Twinkie Nostalgia

The demise of the Twinkie, Paul Krugman writes, has unleashed a wave of nostalgia for the 1950′s — a world many conservatives think of as a Golden Age. But, Krugman writes, the economic policies of the ’50′s were a lot different than the conservative prescriptions for our time:

Yet in the 1950s incomes in the top bracket faced a marginal tax rate of 91, that’s right, 91 percent, while taxes on corporate profits were twice as large, relative to national income, as in recent years. The best estimates suggest that circa 1960 the top 0.01 percent of Americans paid an effective federal tax rate of more than 70 percent, twice what they pay today.

Nor were high taxes the only burden wealthy businessmen had to bear. They also faced a labor force with a degree of bargaining power hard to imagine today. In 1955 roughly a third of American workers were union members. In the biggest companies, management and labor bargained as equals, so much so that it was common to talk about corporations serving an array of “stakeholders” as opposed to merely serving stockholders.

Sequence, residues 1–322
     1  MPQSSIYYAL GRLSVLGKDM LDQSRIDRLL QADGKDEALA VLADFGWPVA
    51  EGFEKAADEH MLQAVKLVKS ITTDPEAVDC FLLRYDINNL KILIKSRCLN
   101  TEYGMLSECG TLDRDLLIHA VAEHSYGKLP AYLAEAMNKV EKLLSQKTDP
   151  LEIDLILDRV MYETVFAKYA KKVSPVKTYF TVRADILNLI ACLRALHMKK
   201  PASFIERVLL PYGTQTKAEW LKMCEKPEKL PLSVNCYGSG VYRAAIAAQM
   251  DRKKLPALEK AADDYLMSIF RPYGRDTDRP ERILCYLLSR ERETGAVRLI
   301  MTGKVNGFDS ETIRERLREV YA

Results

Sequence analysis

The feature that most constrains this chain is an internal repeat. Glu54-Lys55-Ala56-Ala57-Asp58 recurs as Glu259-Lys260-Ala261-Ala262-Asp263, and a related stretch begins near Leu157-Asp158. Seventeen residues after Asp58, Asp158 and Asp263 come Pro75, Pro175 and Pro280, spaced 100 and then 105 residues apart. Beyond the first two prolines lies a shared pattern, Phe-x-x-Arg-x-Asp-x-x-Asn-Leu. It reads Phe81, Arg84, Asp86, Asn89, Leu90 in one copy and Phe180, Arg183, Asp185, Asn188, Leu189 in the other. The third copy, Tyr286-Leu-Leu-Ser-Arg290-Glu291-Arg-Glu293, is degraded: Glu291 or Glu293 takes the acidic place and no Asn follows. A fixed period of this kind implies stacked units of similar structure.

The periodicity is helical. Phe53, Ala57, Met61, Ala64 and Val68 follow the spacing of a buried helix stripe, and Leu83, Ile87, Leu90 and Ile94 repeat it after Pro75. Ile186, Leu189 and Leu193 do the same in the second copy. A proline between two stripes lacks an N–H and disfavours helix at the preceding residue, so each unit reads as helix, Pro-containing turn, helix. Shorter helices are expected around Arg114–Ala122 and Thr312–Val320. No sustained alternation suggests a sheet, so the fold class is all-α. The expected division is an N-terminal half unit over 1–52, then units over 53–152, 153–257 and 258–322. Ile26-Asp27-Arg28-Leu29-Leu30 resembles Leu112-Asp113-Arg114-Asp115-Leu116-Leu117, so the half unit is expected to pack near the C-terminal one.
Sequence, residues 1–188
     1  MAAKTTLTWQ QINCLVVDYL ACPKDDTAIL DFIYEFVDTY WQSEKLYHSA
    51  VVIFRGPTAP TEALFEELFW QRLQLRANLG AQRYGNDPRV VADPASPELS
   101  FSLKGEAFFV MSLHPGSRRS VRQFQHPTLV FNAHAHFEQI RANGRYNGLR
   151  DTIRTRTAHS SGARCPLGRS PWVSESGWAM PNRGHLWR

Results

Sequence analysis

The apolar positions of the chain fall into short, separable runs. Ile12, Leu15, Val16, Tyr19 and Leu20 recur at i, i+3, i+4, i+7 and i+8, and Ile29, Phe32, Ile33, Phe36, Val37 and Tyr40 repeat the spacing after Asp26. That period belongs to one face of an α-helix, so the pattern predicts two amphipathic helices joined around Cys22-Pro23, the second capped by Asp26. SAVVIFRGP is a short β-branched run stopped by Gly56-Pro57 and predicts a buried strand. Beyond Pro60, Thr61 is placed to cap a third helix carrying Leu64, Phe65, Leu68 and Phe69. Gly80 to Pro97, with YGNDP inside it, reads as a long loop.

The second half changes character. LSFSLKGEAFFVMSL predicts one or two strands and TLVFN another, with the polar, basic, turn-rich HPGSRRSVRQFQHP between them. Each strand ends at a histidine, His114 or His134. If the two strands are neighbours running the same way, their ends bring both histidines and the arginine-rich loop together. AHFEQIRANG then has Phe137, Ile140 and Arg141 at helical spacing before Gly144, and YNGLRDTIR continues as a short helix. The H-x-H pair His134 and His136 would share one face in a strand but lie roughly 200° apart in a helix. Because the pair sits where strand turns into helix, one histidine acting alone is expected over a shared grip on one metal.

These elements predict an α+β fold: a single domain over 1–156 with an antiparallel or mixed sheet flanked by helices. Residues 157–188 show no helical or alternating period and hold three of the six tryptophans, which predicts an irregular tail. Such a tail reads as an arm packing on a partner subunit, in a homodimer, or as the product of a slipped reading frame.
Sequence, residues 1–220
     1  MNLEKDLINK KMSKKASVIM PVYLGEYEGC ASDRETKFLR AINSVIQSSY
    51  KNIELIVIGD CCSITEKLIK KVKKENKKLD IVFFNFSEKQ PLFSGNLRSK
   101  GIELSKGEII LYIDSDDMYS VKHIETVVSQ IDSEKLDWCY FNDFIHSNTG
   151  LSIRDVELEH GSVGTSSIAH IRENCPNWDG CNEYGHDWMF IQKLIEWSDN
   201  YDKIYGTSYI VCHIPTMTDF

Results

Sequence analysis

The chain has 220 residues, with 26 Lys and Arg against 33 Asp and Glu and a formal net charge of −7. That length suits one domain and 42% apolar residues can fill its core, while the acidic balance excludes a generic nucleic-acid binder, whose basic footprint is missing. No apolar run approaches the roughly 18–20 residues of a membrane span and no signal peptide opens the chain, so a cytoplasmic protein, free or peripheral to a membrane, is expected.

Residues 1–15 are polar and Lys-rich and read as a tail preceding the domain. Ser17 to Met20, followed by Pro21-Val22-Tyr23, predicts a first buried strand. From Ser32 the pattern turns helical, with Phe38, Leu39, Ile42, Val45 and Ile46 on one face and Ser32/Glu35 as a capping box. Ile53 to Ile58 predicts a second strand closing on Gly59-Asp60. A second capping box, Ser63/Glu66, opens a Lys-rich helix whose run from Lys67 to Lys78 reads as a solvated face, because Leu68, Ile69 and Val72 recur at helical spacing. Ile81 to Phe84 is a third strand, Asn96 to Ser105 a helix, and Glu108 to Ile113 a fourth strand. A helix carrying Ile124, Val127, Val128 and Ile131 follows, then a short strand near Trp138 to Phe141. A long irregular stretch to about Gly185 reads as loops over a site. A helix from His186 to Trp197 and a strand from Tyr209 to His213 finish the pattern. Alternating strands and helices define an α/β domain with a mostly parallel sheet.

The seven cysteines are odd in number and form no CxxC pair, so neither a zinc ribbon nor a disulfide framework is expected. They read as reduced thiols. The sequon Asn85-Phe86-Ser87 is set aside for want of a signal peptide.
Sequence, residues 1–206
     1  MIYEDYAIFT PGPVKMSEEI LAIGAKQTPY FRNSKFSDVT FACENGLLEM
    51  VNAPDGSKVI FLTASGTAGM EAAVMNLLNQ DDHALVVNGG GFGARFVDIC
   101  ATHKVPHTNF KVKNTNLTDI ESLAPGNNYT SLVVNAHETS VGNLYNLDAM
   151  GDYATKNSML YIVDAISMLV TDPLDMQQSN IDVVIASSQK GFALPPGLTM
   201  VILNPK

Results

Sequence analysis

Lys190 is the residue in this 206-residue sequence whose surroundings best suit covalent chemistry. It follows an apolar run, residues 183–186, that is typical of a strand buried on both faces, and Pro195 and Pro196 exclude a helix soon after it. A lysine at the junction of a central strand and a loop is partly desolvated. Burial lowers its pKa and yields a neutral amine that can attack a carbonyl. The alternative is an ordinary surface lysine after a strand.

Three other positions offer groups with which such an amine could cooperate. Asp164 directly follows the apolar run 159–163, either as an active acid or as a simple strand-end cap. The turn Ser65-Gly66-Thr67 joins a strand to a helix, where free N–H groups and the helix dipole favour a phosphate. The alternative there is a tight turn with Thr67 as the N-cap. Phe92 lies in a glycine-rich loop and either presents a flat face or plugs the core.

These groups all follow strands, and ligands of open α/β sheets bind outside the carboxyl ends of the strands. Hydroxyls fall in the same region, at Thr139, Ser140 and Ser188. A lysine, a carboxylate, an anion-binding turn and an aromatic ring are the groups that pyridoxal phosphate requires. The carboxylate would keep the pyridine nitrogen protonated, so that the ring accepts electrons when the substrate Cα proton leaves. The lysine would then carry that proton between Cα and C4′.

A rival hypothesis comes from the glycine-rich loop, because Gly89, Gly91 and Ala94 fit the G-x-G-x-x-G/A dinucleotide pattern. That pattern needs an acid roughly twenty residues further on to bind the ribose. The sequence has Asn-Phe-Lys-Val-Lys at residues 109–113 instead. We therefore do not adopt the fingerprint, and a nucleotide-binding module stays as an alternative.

From 1947 to 1973 median family incomes doubled. Since that time they have remained flat.

The problem with modern conservatism is that its memory — like its clientele — is highly selective. The 1950′s was a difficult time. It was the time of the McCarthy witch-hunts and the time when school children were advised to “duck and cover” in case of nuclear attack.

Modern conservatives live in an imaginary world — a world which was not as they imagine it — and a world which is not as it is.

Author: OWEN GRAY